The events, which have unfolded and are still unfolding give a clear picture that the Dalit icon Raja had totally dedicated himself, not for the cause espoused by Dr Ambedkar, but only for the cause espoused by Karunanidhi and his third family, as exposed again by Nira Radia Tapes.

                By his statement on Raja, Karunanidhi has insulted Dr Ambedkar and the entire Dalit community. For Dravidian Leaders, politics is a game of cards, where Dalits are used as “Jokers” and “Discards”, and Social Justice is a game of Chess, where Dalits are used as “Pawns”. When compared with the magnificent contribution of Dr Ambedkar to Mother India, the contribution of Dravidian icons like Annadurai and EV Ramasami are not even peanuts. While Karunanidhi, Jayalalitha and their ilk use Annadurai and EVR as “Aces”, they use Ambedkar as “Joker” to declare themselves as winners in the political game of cards. After causing a permanent injury to Dr Ambedkar by reducing him to the level of EVR and Annadurai, an insult is added to the injury now by equating him with the Spectrum Killer.

                A Raja is the latest addition to the list of Dalit politicians, who served the cause espoused by the OBC Dravidian leaders. A Dalit politician need not join any Dravidian party, either to indulge in corruption or to serve the cause espoused by Dravidian leaders like Karunanidhi or Jayalalitha. He can accomplish both even by staying out. The best and apt example is Thirumavalavan, President of VCK (Viduthalai Chriuththaigal Katchi). His party’s Motto is “refuse (to submit), transgress; rise (from shackles), return (the blow)” (Adanga Maru; Aththu Meeru; Thimiri Ezhu, Thiruppi Adi), which is nothing but a straight call for violence. As implied by their motto, the party cadres quite often indulge in violence and hooliganism.

                Thirumavalavan, a self-styled Dalit leader, was brought into the limelight in the nineties by the Late Congressman GK Moopanar, who revolted against former prime minister Narasimha Rao’s alliance with Jayalalitha and started his own Tamil Manila Congress. Since then, Thiruma has been having alliance either with Karuna or Jaya and in the bargain his fortunes have been on the rise and now his party functionaries are roaming around the state in Tatas and Toyotas, while their followers are still struggling to make ends meet. Following the footsteps of his Dravidian Masters, Thirumavalavan also distorts Dr Ambedkar’s writings, speeches and opinions and deliberately misleads his followers, thereby helping the Dravidian parties. For example, it is a well-known fact that Dr Ambedkar never supported the Aryan Invasion Theory, but Thiruma keeps peddling it along with his Dravidian racist counterparts to cheat the masses.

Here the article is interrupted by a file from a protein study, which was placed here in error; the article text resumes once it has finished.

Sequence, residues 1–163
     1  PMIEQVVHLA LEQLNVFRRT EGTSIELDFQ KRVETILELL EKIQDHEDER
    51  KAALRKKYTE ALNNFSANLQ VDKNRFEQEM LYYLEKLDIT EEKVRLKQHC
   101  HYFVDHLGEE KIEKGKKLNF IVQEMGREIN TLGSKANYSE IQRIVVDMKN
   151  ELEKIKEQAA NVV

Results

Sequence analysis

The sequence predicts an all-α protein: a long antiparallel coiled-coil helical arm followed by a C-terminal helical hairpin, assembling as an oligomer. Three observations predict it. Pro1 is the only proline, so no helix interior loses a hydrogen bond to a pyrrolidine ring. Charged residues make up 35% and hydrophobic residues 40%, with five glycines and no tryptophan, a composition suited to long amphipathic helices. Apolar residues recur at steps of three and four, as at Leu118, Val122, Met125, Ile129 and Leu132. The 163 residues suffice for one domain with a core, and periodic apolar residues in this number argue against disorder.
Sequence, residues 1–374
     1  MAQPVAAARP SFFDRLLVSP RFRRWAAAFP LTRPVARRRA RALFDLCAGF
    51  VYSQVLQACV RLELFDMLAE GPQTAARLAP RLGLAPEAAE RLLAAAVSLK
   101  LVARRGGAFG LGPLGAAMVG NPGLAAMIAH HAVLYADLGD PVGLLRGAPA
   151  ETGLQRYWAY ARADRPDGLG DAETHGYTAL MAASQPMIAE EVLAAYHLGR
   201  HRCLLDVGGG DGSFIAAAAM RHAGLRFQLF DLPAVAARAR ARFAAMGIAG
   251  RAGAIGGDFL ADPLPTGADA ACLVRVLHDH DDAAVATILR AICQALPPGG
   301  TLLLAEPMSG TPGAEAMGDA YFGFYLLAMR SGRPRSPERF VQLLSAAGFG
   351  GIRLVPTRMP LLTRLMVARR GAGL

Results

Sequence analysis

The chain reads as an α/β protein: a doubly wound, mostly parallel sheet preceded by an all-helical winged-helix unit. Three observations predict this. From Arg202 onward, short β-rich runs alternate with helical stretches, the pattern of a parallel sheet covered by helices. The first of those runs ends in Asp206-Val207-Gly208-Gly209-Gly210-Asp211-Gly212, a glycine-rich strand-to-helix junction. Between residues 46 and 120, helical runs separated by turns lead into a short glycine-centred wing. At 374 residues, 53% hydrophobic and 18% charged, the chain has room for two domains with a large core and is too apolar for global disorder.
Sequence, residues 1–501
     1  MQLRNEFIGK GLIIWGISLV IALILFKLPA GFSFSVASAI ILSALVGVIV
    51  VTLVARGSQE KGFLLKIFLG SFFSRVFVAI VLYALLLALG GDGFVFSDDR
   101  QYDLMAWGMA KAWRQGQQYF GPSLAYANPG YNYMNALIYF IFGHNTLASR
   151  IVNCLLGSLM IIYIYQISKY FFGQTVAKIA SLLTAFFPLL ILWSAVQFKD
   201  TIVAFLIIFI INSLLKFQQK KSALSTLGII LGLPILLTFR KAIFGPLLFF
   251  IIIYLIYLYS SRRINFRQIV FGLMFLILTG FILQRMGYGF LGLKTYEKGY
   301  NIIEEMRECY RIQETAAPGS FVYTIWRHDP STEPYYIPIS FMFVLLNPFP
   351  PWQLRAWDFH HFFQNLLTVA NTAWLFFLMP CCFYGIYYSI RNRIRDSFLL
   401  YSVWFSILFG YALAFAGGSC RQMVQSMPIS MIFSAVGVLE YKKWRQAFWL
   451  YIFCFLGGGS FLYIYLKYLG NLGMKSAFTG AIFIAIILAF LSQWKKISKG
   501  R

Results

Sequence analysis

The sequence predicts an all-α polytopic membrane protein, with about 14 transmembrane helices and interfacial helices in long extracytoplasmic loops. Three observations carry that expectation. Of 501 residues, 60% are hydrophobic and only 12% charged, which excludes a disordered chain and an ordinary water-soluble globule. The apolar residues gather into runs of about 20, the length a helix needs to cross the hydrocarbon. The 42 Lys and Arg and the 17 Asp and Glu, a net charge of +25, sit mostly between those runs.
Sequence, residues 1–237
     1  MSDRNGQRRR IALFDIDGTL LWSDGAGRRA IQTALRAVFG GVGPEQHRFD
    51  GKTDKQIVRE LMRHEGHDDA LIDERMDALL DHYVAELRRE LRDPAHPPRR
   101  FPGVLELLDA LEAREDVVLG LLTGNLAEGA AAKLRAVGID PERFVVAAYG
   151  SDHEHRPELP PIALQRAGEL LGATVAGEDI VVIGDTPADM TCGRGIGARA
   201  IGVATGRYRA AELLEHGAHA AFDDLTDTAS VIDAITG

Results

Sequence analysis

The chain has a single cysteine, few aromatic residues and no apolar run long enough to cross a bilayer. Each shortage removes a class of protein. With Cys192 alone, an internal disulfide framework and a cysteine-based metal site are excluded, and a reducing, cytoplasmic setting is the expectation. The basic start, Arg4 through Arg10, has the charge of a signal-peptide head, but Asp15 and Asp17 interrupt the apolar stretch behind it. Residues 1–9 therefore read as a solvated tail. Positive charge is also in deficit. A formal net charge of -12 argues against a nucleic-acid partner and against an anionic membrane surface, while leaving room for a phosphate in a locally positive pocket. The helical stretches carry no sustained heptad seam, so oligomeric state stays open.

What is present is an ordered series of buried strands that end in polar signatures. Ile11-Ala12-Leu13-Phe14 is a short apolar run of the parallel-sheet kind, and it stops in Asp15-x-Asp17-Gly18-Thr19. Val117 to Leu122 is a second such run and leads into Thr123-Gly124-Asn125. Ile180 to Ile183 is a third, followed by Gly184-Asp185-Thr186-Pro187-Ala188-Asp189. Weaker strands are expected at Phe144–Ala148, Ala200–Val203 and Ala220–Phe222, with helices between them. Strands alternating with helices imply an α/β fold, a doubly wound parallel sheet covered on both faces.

Thiruma is not only skilful in cajoling the Dravidian leaders, but he also has a unique knack of flirting around with the leaders of minority (Muslim and Christian) communities. Though Dr Ambedkar’s advocacy for Buddhism is well known, Thiruma on the one hand rejects it and on the other hand tacitly encourages his party cadres to convert to Christianity and Islam. He has a penchant for fighting for the causes of Muslims and Christians even at the cost of Dalit causes. At a time when Hindu Dalits were being persecuted by Christian Vanniyars in the district of Dindukkal, he was fighting for Muslims in Vellore district.

                In January 2010, a Hindu Dalit by name Andi was murdered by Christian Vanniyars while he was celebrating Pongal in an Amman Temple in Perumalkovilpatti village, in Dindukkal. At about the same time in January 2010, another Hindu Dalit Sadaiyandi was attacked and human excreta were thrust inside his mouth by Christian Vanniars in Meikovilpatti village near Dindukkal. Thirumavalavan didn’t even bother to visit the villages, but went to Vellore on January 20, 2010 and fought for Muslims’ entry into an unused mosque inside the fort, which is under the control of ASI.

                In another place called Eraiyur in Villupuram district, Christian Vanniars

were discriminating against Dalit converts for years. Here again Thirumavalavan didn’t act in support of his community, though he maintains a good relationship with Christian Clergy and Church leaders. In Kanthampatty village near Omalur, Salem district, Hindu Vanniars have been refusing entry for Hindu dalits inside the Draupathi Amman Temple for years. Thirumavalavan despite being closely acquainted with Vanniar leader and PMK (Pattali Makkal Katchi) Founder Dr Ramadoss, didn’t bother to solve the problem there.